Launching Adolescents: A Family Affair

  • Suzan Myhre, M.S.S.W., LICSW, LPC
  • Series: Fall 2010 Volume 17, Issue 4
  • Download PDF

Have you witnessed the launching of a spacecraft? The launching of Japan’s first solar-powered spacecraft took place on May 20, 2010. The first spacecraft launch I can remember was on our black and white television on 52nd street in Milwaukee. It was Apollo 11, and my family marveled at Neil Armstrong’s first steps on the moon. We could not imagine that such a thing was possible. Of course, there were years of preparation and fine-tuning that went into that launch. Several previous attempts were dangerously costly to the men and women who risked their lives in the hope of getting a spaceship to the moon.

Sometimes, even with years of preparation and hard work, adolescents are still not ready to launch from home into the world. I found a great description of what launching requires on a goggle website, “Ask a Scientist”. The description follows:

Gravity pulls on any object near the earth, including you and a spaceship. To get off the ground, you have to push yourself up harder than the earth is pulling you down. When you jump in the air, you are pushing against the ground. When a bird flies, it is pushing against the air with its wings. A spaceship (or rocket) pushes against its exhaust—the stuff that comes out of the back. Just as if you were sitting on a swing and threw a baseball forward, you would move backwards. The harder you throw, the more you will move.

Adolescents and families experience many pressures that make it hard to “push up harder” than the forces that are pulling them down.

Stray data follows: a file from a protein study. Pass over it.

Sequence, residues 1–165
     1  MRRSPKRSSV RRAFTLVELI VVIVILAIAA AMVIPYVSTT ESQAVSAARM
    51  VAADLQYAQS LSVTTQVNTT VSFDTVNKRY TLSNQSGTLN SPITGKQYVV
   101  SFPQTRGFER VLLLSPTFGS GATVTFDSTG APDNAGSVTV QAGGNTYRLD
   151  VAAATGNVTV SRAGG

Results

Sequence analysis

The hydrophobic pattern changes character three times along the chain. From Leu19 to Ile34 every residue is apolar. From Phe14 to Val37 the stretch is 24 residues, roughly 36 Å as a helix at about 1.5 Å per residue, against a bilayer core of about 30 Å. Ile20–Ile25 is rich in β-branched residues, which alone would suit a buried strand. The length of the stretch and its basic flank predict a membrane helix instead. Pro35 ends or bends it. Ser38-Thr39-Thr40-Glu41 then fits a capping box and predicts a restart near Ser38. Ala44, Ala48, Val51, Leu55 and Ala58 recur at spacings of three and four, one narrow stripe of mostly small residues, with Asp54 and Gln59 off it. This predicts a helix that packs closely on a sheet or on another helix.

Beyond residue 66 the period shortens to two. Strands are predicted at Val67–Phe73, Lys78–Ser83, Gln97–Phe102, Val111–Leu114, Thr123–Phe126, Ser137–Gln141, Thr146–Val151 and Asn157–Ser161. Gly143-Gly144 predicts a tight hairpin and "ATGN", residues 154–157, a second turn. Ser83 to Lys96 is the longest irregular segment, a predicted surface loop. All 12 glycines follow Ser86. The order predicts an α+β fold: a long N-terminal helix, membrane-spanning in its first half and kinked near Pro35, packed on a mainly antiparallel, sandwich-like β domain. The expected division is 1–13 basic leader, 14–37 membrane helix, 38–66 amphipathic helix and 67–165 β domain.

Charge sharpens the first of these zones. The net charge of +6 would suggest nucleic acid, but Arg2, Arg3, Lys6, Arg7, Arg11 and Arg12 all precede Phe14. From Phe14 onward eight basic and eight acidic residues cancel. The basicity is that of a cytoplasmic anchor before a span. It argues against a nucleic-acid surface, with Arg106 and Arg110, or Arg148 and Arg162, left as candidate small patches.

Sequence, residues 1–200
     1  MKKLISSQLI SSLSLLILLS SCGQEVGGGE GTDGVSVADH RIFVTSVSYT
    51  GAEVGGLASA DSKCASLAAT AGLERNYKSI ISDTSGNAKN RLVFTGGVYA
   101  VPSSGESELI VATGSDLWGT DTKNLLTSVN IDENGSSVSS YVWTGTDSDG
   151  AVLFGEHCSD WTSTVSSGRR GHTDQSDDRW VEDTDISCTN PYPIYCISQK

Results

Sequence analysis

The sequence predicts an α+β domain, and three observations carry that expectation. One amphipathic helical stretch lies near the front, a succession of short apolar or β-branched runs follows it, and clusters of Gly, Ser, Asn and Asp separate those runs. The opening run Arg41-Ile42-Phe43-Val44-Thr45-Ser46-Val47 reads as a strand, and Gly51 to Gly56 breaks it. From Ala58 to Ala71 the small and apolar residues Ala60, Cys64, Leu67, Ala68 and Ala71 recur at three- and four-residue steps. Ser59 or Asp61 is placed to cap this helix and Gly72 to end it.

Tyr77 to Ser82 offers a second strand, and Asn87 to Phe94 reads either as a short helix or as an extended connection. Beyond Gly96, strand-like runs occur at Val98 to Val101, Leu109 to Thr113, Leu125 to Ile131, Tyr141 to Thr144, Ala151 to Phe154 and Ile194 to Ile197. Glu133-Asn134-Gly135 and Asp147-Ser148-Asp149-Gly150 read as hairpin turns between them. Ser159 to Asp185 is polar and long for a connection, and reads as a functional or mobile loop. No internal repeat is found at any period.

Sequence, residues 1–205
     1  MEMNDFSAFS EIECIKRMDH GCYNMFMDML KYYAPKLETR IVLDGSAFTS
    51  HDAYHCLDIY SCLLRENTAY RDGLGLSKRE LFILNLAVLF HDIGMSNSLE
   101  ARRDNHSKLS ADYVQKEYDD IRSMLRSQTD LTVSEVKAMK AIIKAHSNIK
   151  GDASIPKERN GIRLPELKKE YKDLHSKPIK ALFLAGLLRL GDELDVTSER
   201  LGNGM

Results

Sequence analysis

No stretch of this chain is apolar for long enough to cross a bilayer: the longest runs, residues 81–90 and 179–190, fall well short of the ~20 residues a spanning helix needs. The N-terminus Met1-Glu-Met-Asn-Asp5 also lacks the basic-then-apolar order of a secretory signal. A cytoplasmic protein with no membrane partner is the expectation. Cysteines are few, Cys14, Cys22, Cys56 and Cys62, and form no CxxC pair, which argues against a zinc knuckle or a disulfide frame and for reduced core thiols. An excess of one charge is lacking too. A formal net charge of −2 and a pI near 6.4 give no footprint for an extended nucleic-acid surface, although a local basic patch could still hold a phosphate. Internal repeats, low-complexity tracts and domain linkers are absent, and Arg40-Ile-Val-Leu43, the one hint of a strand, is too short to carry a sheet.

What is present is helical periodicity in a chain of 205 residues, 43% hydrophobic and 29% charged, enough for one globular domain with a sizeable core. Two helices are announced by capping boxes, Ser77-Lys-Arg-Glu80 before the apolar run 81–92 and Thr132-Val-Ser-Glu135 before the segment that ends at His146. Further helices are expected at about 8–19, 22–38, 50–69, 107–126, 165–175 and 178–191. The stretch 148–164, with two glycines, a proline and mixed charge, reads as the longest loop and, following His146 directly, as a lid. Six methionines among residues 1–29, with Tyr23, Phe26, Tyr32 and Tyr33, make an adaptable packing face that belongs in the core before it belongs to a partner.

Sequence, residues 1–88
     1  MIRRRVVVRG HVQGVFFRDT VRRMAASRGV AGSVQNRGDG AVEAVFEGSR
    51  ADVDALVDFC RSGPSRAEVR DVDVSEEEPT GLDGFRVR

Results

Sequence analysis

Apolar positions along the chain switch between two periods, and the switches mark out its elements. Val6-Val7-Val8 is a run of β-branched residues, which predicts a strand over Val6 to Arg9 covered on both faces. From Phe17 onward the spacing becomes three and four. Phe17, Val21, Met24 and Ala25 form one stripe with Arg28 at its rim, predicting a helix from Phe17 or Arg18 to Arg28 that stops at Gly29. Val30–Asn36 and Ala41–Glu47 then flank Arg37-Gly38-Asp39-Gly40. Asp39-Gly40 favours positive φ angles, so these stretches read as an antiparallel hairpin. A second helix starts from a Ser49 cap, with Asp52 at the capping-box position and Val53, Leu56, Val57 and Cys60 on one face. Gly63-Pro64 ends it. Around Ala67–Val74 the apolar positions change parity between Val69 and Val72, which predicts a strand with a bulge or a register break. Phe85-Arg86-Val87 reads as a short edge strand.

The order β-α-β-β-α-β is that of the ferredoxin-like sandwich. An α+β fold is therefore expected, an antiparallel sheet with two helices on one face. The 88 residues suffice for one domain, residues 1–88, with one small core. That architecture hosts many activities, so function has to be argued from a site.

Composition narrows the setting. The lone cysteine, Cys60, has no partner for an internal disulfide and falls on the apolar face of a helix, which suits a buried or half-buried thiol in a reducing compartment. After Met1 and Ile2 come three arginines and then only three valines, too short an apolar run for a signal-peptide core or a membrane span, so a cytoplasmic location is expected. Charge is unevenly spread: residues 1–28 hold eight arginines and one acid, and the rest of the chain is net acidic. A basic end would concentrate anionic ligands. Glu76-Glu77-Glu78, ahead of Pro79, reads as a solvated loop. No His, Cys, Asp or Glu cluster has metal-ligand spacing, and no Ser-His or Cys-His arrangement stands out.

• Adolescents who feel deeply insecure, and are afraid of failure, may be afraid to take a step to move ahead. Many times these are the “brightest and best” students in school—those that volunteer and participate in everything.

  • Adolescents who struggle in social situations, or in making new friendships, may feel intimidated by the prospect of leaving home.

  • If the parents are in financial stress or are having marital troubles such as bickering or avoiding each other, an adolescent will pick up on this stress and try to alleviate it in any way he or she can. This may mean the adolescent chooses not to leave the nest, even when all prospects seem good.

  • If the parents are believing the worst about their son or daughter, or have deep seeded “secret” fears about what will happen when their child leaves home, the adolescent may be responding to those “vibes” and choose not to leave.

  • And of course, there are issues of maturity and brain development that sometimes make it very difficult for the adolescent to leave home. Sometimes issues of health arise and make it impossible to launch the adolescent when it seems the “timely” thing to do.


When struggles like these arise, it is easy for all parties involved to feel like they are failing in some way. It is easy to do the “shame and blame game,” in which everyone tries to pin the blame for what has happened on someone. Of course, there is never one person solely responsible, and there is rarely a simple answer to why things are playing out the way they are. Life is hard. Winston Churchill is quoted as saying “When you’re going through hell, keep going”. Focusing on disappointment and trouble will only stop you dead in your tracks.

Ask for help. Talk to your trusted friends. Get some professional help as you navigate your way through ‘deep space’. The scientists of the space shuttle worked together whenever a roadblock presented itself. And though they had a timetable in their own minds, they knew that it didn’t always work out that way. Be assured that God has a purpose and a plan for you and your child. He will use the struggle to strengthen you.

A good resource for launching readiness comes from the book The Launching Years by Laura S. Kastner, Ph.D. and Jennifer Wyatt, Ph.D.



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